Monday, September 28, 2009

Draw the Circle Wide

We welcomed five new members at Mount Vernon Place yesterday and had the privilege of baptizing two of these individuals. It was a beautiful day - one of my all-time favorite worship experiences in this place. As part of worship, I asked two of our new members if they would be willing to testify - to share a glimpse of why they were excited about joining Mount Vernon Place and what brought them here. Both of the witnesses were extraordinary - offered with love, grace, passion, and excitement. It was a blessing to hear their words.

I asked one of the individuals if I could have a copy of his words to share on my blog. As I read them, my only prayer is that God will continue to keep us on this path, and that God will show us how best to further open the circle that has powerfully been opened to so many people already. What a blessing it is to serve in this place!

Here they are for you to read:

I remember an afternoon when I was 16 years old. I was sitting in a meadow in front of the chapel at Camp Aldersgate – our United Methodist Church camp in the Adirondack Mountains of New York State. A pastor speaking to a group of us shared this simple poem:

They drew a circle that shut me out;
Heretic, rebel, a thing to flout.
But Love and I had the wit to win,
We drew a circle that took them in.

As a Christian who also happens to be gay, I have known the hurt and despair of having circles drawn that shut me and those like me out in ways that keep us from experiencing the fullness of life and faith in the very communities of faith in which we were raised and once nurtured. My guess is, there are others here today who perhaps for the same or for different reasons have shared similar experiences.
But after a few short months here, in this place, I stand to give witness to what I sense is happening at Mount Vernon Place United Methodist Church; and why, today, I seek to be a part of this community of faith. Something is happening here that captures my imagination and convinces my heart: the God of Abraham and Sarah, of Moses and Deborah, of Paul and Priscilla is a living God who is walking among us today – speaking new words of hope to those both inside and outside these walls, and leading us all to new places of promise that encourage greater strength of community, healing and depth of faith. Something is happening here!

Today the five of us seeking membership in this congregation are linking hearts and minds with a community of believers who have taken an incredible leap of faith as you seek to be faithful disciples of Jesus Christ – reaching out into our city and our nation in bold and creative ways to meet neighbors in need. Drawing circles around them that included – that incorporate them into a shared life that provides for a greater hope and promise of well-being.
I sense this congregation to be a community of seekers: people who know that living a life of faith is like being on a journey. As God moves among us, so must we seek and be prepared to be led to new and different places in our ministries. I’ve said to others that one dynamic of this community that makes me want to be a part is the sense that “we are always becoming!” There are other places we all could be where the sense is “This is who we are! This is what we do! And this is how we do it!!” It’s a good thing to know who you are, but each day is a new day that presents new situations, and new challenges with opportunities to share our faith with those around us. I want to be a part of a community of faith that has this sense of adventure – a sense of “always having to figure it out,” always discerning where we are, and what God is calling us to do in this new day, this new moment.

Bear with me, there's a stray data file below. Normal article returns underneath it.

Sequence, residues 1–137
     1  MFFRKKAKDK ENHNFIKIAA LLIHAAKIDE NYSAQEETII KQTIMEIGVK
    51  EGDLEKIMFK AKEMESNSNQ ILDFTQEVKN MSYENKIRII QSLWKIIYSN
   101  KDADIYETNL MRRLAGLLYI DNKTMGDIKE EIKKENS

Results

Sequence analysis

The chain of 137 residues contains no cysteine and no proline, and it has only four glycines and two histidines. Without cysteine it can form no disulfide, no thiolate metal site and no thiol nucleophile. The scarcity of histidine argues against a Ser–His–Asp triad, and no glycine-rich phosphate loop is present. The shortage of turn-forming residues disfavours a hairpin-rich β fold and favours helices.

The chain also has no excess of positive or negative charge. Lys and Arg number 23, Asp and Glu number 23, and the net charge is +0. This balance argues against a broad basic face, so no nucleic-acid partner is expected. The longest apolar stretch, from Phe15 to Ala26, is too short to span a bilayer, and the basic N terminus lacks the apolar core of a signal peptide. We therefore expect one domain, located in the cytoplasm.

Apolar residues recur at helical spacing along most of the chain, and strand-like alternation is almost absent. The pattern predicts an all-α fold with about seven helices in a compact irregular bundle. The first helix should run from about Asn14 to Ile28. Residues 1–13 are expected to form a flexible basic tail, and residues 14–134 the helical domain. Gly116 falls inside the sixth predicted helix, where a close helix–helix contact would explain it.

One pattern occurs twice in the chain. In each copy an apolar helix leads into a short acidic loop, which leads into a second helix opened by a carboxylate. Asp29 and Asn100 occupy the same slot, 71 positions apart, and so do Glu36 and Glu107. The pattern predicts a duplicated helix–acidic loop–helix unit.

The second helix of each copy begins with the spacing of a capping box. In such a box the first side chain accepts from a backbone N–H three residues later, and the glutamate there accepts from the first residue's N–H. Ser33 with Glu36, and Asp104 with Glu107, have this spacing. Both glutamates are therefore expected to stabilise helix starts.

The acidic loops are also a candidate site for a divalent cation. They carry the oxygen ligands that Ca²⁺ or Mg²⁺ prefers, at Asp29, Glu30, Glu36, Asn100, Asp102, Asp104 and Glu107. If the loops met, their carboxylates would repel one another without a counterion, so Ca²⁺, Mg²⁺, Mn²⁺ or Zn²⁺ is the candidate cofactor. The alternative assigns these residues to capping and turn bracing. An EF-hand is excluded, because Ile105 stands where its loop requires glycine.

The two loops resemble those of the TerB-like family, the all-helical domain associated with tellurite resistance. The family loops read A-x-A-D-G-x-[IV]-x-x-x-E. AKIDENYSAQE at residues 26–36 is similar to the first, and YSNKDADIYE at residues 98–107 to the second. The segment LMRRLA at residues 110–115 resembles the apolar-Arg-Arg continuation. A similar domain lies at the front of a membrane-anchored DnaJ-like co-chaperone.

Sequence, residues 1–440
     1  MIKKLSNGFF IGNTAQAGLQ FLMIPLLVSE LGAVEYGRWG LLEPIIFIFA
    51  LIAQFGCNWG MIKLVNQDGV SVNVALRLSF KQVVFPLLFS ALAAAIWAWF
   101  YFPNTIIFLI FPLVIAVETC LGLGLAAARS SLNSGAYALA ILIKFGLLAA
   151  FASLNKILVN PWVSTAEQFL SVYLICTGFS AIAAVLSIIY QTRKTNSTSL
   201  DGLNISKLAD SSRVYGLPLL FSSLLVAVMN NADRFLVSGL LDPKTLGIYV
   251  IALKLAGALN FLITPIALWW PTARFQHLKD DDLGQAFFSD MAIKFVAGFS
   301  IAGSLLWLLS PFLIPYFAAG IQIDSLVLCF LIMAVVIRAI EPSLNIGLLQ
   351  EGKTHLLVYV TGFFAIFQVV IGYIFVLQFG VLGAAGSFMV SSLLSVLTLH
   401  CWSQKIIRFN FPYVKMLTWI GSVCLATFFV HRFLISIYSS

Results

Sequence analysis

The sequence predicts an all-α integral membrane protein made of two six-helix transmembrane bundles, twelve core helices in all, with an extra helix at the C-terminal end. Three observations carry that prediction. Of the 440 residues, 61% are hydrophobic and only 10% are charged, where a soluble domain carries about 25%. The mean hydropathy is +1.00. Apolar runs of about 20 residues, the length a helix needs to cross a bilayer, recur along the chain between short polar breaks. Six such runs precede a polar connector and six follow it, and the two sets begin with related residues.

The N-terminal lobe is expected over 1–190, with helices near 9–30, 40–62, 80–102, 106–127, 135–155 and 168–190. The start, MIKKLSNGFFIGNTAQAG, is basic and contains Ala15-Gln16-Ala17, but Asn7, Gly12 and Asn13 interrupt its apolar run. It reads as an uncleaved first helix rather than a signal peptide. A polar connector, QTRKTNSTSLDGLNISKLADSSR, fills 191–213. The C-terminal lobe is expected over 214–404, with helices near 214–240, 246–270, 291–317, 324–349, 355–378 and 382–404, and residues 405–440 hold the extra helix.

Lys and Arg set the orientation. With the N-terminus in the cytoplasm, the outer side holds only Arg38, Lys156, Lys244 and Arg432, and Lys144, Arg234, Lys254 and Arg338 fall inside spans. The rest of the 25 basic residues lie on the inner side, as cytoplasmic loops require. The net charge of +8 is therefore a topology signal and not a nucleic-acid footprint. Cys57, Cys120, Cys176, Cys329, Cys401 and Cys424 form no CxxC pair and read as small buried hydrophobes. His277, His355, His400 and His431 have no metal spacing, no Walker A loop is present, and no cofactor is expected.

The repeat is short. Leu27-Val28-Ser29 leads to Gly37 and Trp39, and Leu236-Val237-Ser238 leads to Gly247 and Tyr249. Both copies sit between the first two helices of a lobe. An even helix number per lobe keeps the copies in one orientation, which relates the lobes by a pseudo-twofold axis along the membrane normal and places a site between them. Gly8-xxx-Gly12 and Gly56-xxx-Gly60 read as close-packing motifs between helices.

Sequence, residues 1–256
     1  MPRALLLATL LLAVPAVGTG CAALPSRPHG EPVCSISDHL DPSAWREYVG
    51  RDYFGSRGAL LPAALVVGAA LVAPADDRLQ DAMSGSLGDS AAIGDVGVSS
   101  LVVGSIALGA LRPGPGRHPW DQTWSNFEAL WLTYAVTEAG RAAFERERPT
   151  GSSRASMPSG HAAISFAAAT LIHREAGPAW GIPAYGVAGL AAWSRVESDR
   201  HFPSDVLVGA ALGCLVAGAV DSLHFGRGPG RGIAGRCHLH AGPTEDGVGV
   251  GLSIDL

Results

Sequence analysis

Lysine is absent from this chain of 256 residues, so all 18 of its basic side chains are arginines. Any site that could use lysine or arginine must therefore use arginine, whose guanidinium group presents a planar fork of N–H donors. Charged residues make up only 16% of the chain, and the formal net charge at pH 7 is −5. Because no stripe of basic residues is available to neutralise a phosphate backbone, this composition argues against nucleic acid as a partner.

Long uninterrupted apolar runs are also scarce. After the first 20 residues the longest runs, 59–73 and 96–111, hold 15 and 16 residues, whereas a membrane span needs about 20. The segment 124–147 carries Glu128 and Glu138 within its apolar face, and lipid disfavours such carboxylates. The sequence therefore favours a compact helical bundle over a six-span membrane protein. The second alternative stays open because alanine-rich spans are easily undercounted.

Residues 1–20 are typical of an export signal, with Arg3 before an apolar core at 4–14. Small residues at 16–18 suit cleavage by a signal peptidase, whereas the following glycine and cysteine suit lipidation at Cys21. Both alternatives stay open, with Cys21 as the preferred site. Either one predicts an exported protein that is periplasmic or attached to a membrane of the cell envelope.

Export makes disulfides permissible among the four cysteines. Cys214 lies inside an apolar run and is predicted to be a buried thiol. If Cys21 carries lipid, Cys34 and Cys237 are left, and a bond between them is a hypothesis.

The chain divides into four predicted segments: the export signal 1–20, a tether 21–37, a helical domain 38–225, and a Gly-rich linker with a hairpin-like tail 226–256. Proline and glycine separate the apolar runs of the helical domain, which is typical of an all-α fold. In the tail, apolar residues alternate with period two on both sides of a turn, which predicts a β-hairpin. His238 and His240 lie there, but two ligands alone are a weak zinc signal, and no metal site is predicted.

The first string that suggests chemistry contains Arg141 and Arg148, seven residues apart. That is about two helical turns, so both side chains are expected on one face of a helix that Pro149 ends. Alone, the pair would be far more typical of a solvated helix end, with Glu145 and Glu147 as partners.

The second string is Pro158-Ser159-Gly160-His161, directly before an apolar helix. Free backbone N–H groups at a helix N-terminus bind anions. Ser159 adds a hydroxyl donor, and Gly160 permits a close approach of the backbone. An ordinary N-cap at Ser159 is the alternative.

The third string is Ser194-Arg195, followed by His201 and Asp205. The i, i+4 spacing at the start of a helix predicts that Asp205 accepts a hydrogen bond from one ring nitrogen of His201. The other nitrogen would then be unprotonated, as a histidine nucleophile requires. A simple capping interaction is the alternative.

In 1980, as a young gay man who had just spent four years in seminary preparing for ordained ministry in the United Methodist Church, I attended our General Conference in Indianapolis, IN. I was there as part of a group of gay and lesbian United Methodists with a new name: Affirmation. Needless to say, in those early days we were very much on the outside of “the circle,” well into the margins. At the opening of the Conference I stood in an outer hallway of the Convention Center holding a tall banner we had just made a few days earlier that read, “Affirmation: United Methodists for Lesbian and Gay Concerns.” The hallway where I stood was the path that all of our Bishops took as they processed onto the main floor of the convention center. They all passed by me and ‘my’ banner. One bishop stopped and said, “Get out of here. You must leave this place! ” I looked him in the eye and said “Bishop, I’m not going to leave!” At that moment my heart was more resolved than ever to speak honestly and openly about who I was as a person of faith, and to always search for that growing community of believers in Jesus Christ who understand that their faith compels them to welcome – to include rather exclude people.

So Bishop, here I am! I’m still here! And I give thanks for my sisters and brothers in this place – for the way you welcome me; for being the people of God that you are; for being the people of God that you hold promise to become; and for being a people of God who have a passion for drawing circles that include people rather than keep them out. Thank you for embracing the five of us this morning and bringing us into this community. We want to draw circles with you.

William J. Matson
Mount Vernon Place United Methodist Church
Washington, DC
September 27, 2009


Kristine said...

Donna, That Sunday was so very moving. Thank you for sharing it again on your blog. I loved reading Bill's words again and the message of a bigger circle.

ninjaclectic said...

Bill's metaphor is really amazing. I really can't get it out of my head. Thanks so much for sharing this!